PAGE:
Something else to consider for the future...  so far in my experience with overseas, outsourced teams, they have not yet embraced the DevOps movement.  As a result, they aren't as efficient or as competitive as they could be.  When they do jump on the DevOps bandwagon and truly tap into it's potential, it could be a game changer for people like me....

Tools to Watch
  • Perhaps Amazon is the 'new Microsoft' with its expansive and ever expanding AWS tool stack?  There's definitely some momentum and smart thinking going on there.  They appear to have automated provisioning all wrapped up in a bow. 
  • Atlassian is another company (I didn't realize they were based out of Australia) that is putting together DevOps tools that have a lot of momentum in the industry.  Their niche is collaboration tools.
  • Puppet and Chef both have a strong foothold in the DevOps community.  Both of them are adding new features all the time, enabling them to automate the deployment and provisioning of more products and systems.  Many people use Puppet and Chef in conjunction with RunDeck or Docker to get all the automation they are looking for.

Friday, March 4, 2016

Teaching an IT class (JavaScript, XML, C#, VB, CMS/PHP)

I've taught part-time at SAIT for 11 years now.  I've had more than 30 different classes with 5 different courses.  Recently I've been challenged by a colleague (also a part-time teacher here at SAIT) to make my courses better and more interactive.  While I thought my courses were pretty interactive to begin with, his ideas have definitely pushed me further in a good way.

All the courses I've taught have been introduction to different code languages or working with code:
Visual Basic, C#, XML, Javascript, PHP, and Content Management Systems like WordPress and Drupal.  Up until recently, my courses had been - at a high level - structured as follows:  I demonstrate a new concept/code idea to the class and I have them follow along.  Once they are reasonably comfortable with implementing it (perhaps an exercise or two of following along like this) I give them an exercise that they have to try and do themselves.  Sometimes I'll add a twist to make them think a bit.  For the most part this has worked great.  Its looked like this (an example with XML):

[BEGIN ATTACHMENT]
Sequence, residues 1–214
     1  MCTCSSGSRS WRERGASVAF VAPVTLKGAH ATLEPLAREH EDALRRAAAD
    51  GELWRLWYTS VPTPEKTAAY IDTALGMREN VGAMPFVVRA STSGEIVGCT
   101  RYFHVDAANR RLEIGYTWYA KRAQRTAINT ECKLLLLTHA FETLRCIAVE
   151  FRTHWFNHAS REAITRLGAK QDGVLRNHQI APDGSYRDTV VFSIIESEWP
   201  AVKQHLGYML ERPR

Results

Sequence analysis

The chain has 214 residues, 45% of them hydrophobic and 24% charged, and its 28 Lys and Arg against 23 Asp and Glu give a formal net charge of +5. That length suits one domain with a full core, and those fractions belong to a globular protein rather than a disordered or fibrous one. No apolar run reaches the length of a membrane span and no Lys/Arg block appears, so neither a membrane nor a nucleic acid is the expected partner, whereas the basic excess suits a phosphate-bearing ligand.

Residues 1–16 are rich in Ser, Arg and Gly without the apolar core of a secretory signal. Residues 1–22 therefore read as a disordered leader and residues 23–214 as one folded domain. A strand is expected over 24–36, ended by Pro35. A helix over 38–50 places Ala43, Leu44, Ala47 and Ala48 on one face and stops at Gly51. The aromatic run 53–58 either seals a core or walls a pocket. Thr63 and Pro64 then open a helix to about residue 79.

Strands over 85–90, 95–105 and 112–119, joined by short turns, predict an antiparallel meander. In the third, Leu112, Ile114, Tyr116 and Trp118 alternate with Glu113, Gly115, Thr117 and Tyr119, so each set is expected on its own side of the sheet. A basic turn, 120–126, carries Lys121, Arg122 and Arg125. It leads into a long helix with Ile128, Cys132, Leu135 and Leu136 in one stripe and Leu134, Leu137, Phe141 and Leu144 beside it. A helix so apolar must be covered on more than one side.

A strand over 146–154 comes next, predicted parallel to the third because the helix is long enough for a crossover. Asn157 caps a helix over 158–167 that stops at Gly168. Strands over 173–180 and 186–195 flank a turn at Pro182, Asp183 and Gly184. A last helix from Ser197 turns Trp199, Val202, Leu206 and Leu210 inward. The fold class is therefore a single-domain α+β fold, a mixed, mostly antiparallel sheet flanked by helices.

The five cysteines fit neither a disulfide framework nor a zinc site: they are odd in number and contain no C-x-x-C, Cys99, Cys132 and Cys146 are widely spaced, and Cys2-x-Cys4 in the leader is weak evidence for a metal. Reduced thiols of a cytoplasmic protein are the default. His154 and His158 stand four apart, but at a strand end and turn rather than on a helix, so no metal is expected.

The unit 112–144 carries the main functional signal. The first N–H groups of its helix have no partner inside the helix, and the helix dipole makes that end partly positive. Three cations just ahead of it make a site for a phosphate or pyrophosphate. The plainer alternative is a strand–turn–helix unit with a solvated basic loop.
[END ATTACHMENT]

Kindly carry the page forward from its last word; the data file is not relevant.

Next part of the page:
• Intro to the Language and syntax - I'll go through several power point slides that discuss: 
    • What does well formed XML mean?  
    • How do you ensure your XML is well formed?  
    • What are the keys/rules to well formed XML? 
    • I'll ask the class questions as we go along and get them to answer.
  • We'll code a simple XML file together.  I'll make intentional mistakes along the way and see if the class is paying attention, or just call them out and ask 'Do you think this is right?'  I will also put comments in my code so the students can refer to them later.  Once done, I'll give this complete exercise to the students so they have it to refer to.
  • Then I'll give them an XML file that is not well-formed (completely broken) and get them to try and fix it.  
    • After about 15 minutes, I'll try and fix it myself in front of them, getting them to help me.
    • Once that's done with my comments, I'll again put it in a shared folder for the students to grab so they can refer to it later.
  • I'll give them another broken XML file and get them to fix it.